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Encouraging Heroes. You can be one too.

He was tall, lanky, in his early 20s, and might’ve had a plug of tobacco behind his lower lip; I couldn’t tell for sure. His wife had come to the book store in order to get one of my books signed, and it was quite clear that he was merely tagging along. While I shook her hand and thanked her for coming, he used the opportunity to cross his arms and declare – with an obvious air of pride – “Ain’t never been in no book store before.”

That’s a direct quote.

For years I’ve been leading a quiet battle against what I perceive as our nation’s number one issue in education: The attitude of young people toward learning. The comment uttered in the book store by the young man could be Exhibit A, for he wasn’t simply stating a fact; he was boasting.

I call it The Pride of Ignorance, a debilitating scourge on our country’s academic efforts that sets young people upon a path of illiteracy by choice. Those last two words are key: By choice.

It’s bad enough when we’re unable to educate one hundred percent of the nation’s children because of circumstances (financial hardships, for example). But now we have too many young adults who view reading and writing as uncool, and who take pride in their refusal to participate.

This past weekend I was signing books at a warehouse store and was approached by an enthusiastic woman and her clearly-unmotivated daughter. While mom gushed about getting an autograph, her teenager stated that she didn’t want her name included in the inscription. With a defiant tone she said, “I don’t read.”

I don’t expect everyone to share my love of books. But what concerns me is the almost militant attitude against literacy that seems to be growing at an alarming rate.

It’s a parent’s responsibility to address this mindset immediately, rather than allowing it to fester and expand. When the mother in the warehouse store only shrugged with a smile, I took the opportunity to answer the daughter’s declaration. “I wouldn’t be proud of that,” I said. “I know it seems cool today, but one day you’re going to look back and regret it.” Then I signed the book for the mom and watched them walk away, the daughter silently chewing on what an author had told her.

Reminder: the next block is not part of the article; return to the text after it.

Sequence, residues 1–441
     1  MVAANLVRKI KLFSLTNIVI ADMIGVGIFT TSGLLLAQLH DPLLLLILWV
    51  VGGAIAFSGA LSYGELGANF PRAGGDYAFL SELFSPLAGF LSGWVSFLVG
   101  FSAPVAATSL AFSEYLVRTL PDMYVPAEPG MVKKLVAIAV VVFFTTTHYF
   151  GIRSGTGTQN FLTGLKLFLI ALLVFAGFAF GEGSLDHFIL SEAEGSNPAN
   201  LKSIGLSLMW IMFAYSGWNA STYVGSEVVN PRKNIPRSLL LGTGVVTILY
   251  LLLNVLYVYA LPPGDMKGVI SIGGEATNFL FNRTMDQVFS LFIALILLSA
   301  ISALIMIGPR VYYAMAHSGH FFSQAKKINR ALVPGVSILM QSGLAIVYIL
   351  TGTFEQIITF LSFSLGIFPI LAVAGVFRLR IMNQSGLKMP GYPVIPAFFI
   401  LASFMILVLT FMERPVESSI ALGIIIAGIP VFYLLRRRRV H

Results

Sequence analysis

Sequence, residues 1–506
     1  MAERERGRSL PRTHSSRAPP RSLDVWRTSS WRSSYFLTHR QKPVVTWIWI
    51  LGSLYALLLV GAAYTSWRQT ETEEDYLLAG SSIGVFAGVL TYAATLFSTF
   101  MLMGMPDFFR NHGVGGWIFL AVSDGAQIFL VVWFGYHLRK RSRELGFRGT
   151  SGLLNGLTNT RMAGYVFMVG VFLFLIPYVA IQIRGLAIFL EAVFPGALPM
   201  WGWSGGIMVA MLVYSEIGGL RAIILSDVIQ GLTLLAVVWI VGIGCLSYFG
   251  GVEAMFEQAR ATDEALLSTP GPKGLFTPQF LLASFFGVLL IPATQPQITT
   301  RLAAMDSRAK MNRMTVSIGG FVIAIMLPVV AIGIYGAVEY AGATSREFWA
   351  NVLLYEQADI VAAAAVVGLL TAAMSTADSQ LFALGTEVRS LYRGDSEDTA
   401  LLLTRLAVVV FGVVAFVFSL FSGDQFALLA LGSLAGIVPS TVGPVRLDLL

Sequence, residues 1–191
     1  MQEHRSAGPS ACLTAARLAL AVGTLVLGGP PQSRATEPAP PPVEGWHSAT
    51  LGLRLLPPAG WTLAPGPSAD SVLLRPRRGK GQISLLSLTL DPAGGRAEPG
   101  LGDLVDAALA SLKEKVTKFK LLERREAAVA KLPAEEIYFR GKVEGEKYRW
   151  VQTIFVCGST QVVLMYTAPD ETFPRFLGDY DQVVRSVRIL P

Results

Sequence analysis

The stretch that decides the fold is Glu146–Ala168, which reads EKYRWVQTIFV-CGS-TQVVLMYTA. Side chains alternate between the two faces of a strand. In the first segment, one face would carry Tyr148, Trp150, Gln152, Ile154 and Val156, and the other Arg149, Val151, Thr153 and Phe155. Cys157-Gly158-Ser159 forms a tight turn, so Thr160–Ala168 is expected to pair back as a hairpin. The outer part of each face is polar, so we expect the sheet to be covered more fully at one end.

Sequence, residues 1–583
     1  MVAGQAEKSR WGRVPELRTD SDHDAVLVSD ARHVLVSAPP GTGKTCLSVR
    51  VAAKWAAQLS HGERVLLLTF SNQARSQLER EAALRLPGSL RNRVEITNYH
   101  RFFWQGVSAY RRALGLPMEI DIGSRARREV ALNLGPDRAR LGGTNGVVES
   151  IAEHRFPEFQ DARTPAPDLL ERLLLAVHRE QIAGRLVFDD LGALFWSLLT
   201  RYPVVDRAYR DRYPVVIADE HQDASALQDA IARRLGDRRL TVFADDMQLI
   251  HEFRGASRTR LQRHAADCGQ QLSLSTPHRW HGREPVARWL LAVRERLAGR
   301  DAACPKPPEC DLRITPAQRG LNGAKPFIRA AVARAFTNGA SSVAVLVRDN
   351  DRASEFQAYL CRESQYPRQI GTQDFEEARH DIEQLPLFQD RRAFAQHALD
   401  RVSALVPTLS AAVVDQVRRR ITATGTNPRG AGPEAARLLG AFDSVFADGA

We’re facing a tough challenge in the world of education, and my heart goes out to teachers who not only are asked to do more with less, but are also asked to educate an often-uncooperative group of students. I firmly believe that the parent’s primary role in education is monitoring their darlings’ attitude toward literacy – and learning in general – and becoming teachers themselves by showing a young person the value of their education.

I wonder about the young man who “ain’t never been in no book store before,” and can’t fathom how a parent could ever let that statement become true. I study the face of the teenage daughter who openly expresses her strong distaste of reading, then wait in vain for her mom to use it as a teaching moment.

The last thing we need is a generation of students who look disdainfully upon book stores and libraries, boasting of their illiteracy. By allowing a teenager to naively adopt a sense of pride in their ignorance we make the job of teachers that much more difficult. Young people are extremely susceptible to influence by peers and by cultural tides, but they’re often unable to see where those tides eventually will take them.

That’s our responsibility.

Dom Testa is an author, speaker, morning radio show host, and has kept a ficus tree alive for twenty two years. He’s also the founder and president of The Big Brain Club, a non-profit foundation that helps young people recognize that Smart Is Cool. More info at www.DomTesta.com.

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